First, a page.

Alex Mason, community resuscitation officer for NEAS, is pictured with Rob Hodgson (front) and, left to right, Sam Holden, Michael Paffett and Joy Fletcher

Life-saving initiative for the Tees area

New scheme assists communities most at need to purchase defibrillators

Hundreds more lives will be saved across the Tees Valley in a new partnership between the North East Ambulance Service (NEAS) and Labmask.

Money generated by the Labmask initiative, based at the Stokesley-based company Labman Automation, which supplied crucial personal protective equipment to the NHS at the height of the pandemic, is being ploughed back in to community resuscitation equipment across the Tees area

The investment of £50,000 of Labmask funds over the next 14 months, together with NEAS charitable Trust Fund backing, will go towards helping communities purchase their own defibrillators and learn vital CPR skills and knowledge.

Fewer than one in 20 people currently survive a cardiac arrest in the North East. This is the lowest rate in England lower than other European countries where the rate of survival is as much as one in two in some places. Amongst the factors that contribute to this is people not recognising that someone’s heart has stopped, people’s reluctance to start CPR and also the lack of early access to a defibrillator.

Rob Hodgson, Senior Manager at Labman Automation and Labmask representative said: “We were looking to assist with a project that not only helps health care professionals, but also helps the community. This partnership with the NEAS allows us to ensure the North East is as safe as we can make it.”

The company has manufactured hundreds of thousands of plastic face shields for hospitals to help with protection against COVID. They chose to work with NEAS because the ambulance service’s charitable fund had already been targeting areas where defibrillators were lacking in the community and supporting residents with a grant to support the purchase of life-saving equipment.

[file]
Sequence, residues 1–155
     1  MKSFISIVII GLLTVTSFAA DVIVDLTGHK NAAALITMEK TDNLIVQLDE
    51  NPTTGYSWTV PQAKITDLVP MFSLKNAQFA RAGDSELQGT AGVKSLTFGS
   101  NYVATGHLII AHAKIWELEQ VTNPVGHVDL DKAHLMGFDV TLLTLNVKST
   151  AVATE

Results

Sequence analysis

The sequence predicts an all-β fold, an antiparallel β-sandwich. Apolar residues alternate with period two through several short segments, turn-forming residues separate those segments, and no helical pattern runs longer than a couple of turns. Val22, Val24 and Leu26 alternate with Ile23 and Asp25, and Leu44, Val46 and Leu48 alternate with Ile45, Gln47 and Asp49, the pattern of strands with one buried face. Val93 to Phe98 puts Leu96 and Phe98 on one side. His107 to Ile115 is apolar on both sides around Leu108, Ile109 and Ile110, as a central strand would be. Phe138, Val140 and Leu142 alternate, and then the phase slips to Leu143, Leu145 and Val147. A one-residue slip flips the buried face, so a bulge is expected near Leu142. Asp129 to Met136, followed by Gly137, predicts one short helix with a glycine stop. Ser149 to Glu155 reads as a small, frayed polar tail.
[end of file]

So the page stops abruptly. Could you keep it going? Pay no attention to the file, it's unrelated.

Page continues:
Kevin Scollay, group director of finance for North East Ambulance Service, said: “By working together we can help fund public access defibrillators in areas we have identified as being in most need, as well as delivering familiarisation sessions to the communities, showing people how to deliver CPR and use a defibrillator, reducing peoples’ fears and anxiety about around cardiac arrest.” 

Within five minutes of someone’s heart stopping beating (cardiac arrest), there can be irreversible brain damage as a result of a lack of blood and oxygen. And for every minute that passes without CPR (pumping on the person’s chest) and defibrillation, the chance of survival decreases between 7 to 10 percent.

Alex Mason, community resuscitation officer for NEAS, said: “The chance of survival increases just by someone realising what’s happened and calling an ambulance quickly. If they then start chest compressions, they are buying time and keeping the person’s brain supplied with blood and oxygen; and increase that chance of survival by 8 percent. If there is a defibrillator available and someone uses it, the chance increases by 20 percent.”

The aim of this life-saving scheme is to increase the number defibrillators across the Tees Valley area where they are most needed. As communities in these identified areas come forward, NEAS and money from Labmask will partially fund the purchase of new defibrillators to be stored in weatherproof cabinets fixed to the outside of buildings. They will be available to the public 24 hours a day by calling 999. In addition, information and training for defibrillator use will be provided via familiarisation sessions, online videos and leaflets.

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